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Gasquet residents awoke Wednesday Sept. 9, to an urgent notice the California fires choking the air just the day before were now dangerously close to their town, forcing evacuations.

From the evacuation center set up at the Del Norte County Fairground, Barbara Conner, there with husband Rod, recounted having an uncharacteristic foresight the night before.

“I took the house phone into my room. I never do that at night,” Conner said.

At 6:30 a.m., she got the call to evacuate. Acting quickly, she went up the street one way and her neighbor Kim Black went the other, knocking on doors.

“My cell phone is always next to my head, because I’m OCD on my phone. I got two different phone calls from Emergency Services and Del Norte evacuating now. Then you start pounding on doors. I did the cop knock on their door,” Black said, pointing to her neighbors Ken and Natalia Smith now safely in the fairgrounds parking lot. “There were people who did not get phone calls or didn’t hear them.”

The Smiths were among those who didn’t receive a notice until Black came knocking. The Smiths were able to get out with dog BB and their unhappy cat Noodles, which Ken tried to keep calm wrapped in a blanket.

“We found it at a 7 a.m.,” Natalia said.

“Go,” Ken added about the only information they received. “I was asking everybody, how far? how much time? And they said, no, go now.”

“We were given no time to get out. We didn’t even grab our go bags or nothing, just get out,” Natalia said.

According to Del Norte County Emergency Services Manager Kymmie Scott about 600 Gasquet residents received a notice from the Del Norte Office of Emergency Services at about 6 a.m. Wednesday to evacuate. The fairgrounds had been set up as a temporary evacuation point. However, due to COVID-19 safety concerns residents were told to shelter in their cars if another option wasn’t available.

At the fairgrounds, volunteers with CERT and the local American Red Cross chapter provided fresh coffee, information, snacks, water and masks. The fairgrounds was also providing accommodation for large animals.

The OES lifted the evacuation order for the community of Gasquet at 11:30 a.m., Thursday, Sept. 10. Gasquet was put on a Level 2 evacuation order, meaning everyone in that community should be ready to evacuate again at a moment's notice. Gasquet will be open to residents only and U.S. Highway 199 will be closed at Pioneer Road.

Scott said this new fire — not the Slater Fire near Happy Camp — had overtaken the agriculture station and Oregon Mountain Road at about 7 a.m. She said because of the number of fires in the area, including Medford, Oregon, firefighters are engaged in life and property preservation only.

The communities of Hiouchi and Big Flat, about 11 miles southwest of Gasquet, remain on a Level One standby and should be ready to evacuate if needed.

In addition, Highway 199 remains closed at South Fork.

According to Office of Emergency Services spokesman Bill Steven Steven said the fire as of noon Wednesday was five miles north of Gasquet. He told radio listeners that with so many fires already throughout California, resources are stretched thin and may not arrive to combat the local fire for another 24-48 hours.

Steven added that while it’s only rumors that Pacific Power may shut off the power, people should be prepared for that possibility. He added that the fire could affect utility equipment, forcing the company to shut off the electricity as a precaution.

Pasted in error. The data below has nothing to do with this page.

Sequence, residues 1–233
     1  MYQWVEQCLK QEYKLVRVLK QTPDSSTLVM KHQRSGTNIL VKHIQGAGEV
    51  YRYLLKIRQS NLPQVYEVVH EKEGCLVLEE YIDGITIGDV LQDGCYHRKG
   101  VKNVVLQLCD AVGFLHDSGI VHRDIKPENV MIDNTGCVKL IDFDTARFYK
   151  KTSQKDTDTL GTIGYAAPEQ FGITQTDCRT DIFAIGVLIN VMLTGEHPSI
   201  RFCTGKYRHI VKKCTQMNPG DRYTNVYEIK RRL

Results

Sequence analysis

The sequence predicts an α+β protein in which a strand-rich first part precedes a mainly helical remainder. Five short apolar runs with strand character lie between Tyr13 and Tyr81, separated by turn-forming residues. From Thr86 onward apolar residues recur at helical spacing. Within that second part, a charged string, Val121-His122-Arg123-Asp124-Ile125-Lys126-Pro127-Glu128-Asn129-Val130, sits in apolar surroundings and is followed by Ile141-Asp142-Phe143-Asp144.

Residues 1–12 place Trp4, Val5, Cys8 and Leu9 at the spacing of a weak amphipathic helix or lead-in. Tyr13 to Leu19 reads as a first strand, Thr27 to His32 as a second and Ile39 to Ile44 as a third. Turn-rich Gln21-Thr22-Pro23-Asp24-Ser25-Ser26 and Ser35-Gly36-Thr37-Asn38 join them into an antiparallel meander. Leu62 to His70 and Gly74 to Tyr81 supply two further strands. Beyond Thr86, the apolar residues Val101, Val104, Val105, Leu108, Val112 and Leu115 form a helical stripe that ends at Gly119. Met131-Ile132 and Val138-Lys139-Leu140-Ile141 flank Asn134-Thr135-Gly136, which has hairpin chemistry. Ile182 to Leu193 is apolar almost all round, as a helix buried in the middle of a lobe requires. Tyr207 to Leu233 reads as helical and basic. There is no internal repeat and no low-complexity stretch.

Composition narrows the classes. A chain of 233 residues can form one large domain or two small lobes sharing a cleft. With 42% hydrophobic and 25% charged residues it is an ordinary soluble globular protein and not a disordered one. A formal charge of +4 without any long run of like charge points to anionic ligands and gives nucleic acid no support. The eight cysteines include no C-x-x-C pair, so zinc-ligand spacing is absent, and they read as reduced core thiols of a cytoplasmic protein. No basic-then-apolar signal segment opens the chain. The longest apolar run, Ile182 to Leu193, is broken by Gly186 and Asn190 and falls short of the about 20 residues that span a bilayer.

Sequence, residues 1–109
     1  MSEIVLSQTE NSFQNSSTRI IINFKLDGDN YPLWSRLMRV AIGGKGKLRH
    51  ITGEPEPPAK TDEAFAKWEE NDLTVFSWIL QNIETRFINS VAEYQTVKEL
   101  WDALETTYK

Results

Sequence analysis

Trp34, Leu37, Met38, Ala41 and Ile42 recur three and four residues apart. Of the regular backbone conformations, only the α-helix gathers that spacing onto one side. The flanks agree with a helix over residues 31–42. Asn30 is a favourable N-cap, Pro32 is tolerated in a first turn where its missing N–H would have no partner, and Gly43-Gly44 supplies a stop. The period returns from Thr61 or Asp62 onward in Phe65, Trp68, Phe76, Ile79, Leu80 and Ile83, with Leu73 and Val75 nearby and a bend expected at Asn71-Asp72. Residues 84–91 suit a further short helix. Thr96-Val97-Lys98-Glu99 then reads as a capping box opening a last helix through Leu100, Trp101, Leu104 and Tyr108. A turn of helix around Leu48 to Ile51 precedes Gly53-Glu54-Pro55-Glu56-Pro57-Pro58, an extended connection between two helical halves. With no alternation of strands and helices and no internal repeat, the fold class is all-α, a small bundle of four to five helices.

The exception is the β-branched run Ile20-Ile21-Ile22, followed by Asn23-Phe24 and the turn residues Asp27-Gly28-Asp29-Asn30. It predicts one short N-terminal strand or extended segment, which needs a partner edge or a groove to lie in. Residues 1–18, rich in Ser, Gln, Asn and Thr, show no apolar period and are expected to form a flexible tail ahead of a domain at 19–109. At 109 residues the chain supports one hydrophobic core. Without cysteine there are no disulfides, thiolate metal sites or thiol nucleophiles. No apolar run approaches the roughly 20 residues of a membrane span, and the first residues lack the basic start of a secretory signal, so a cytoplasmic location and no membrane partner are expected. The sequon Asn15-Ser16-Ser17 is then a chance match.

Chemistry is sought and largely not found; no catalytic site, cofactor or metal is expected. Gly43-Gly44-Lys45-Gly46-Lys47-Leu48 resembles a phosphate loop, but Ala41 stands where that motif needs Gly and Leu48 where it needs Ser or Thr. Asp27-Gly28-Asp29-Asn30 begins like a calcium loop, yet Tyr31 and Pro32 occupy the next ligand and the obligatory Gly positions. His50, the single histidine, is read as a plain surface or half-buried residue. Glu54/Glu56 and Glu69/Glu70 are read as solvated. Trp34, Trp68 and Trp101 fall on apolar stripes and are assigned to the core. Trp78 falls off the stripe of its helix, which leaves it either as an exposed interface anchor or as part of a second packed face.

As a further precaution, Steven said after speaking with Del Norte County Health Officer Warren Rehwaldt, all county residents should stock up on water, as a power shutdown could affect the supply of water to the community.

In response to the fires, schools were closed throughout the Del Norte Unified School District.

“Due to the evacuations in Gasquet and the standby situation in Hiouchi, due to smoke and wildfires, many of our students and staff are being affected, and school will be canceled for all students today,” the administration announced online.

The community was quick to reach out to those displaced.

Port O'Pints wrote on their Facebook page it will be providing pulled pork sandwiches and chips for the evacuees and first responders.

“We will also be donating a portion of all of our sales to help raise funds for those in need. If you would like to donate anything to help these folks, we'll have a cash jug set up inside the pub. Let's all come together and do what we do best —taking care of each other —cheers!” Staff wrote on Facebook.

Crescent Seafood Fresh Fish Market owner Kurt Hochberg and wife Terri wrote on their Facebook page about having to evacuate their home in Gasquet and setting up camp at the market. Heedless of their own situation, they promised to open on time and reduce their prices on fish tacos and prawn tacos two for the price of one.

“We cook with propane if the power gets cut. The grill keeps going,” Kurt wrote. “We will try to make the best of a really bad situation. See ya at the hot spot Crescent Seafood.”

Scott said Thursday firefighting personnel and aircraft resources remain stretched thin due to the large number of fires burning in the region but OES is working with the State of California and the Federal Government to bring more of these resources to the area.

Updated information can be found at: and OES will also

provide links to the Slater Fire as they become available

Community meetings will be arranged by the United States Forest Service

and due to COVID-19 will likely be conducted in a virtual environment.

Del Norte County Office of Emergency Services urges community members to stay updated and informed with the links mentioned above and have a “go bag” ready to go with items you may need for yourself and your pets. If you have any questions, call the Slater Fire information line at (707) 464-0911.


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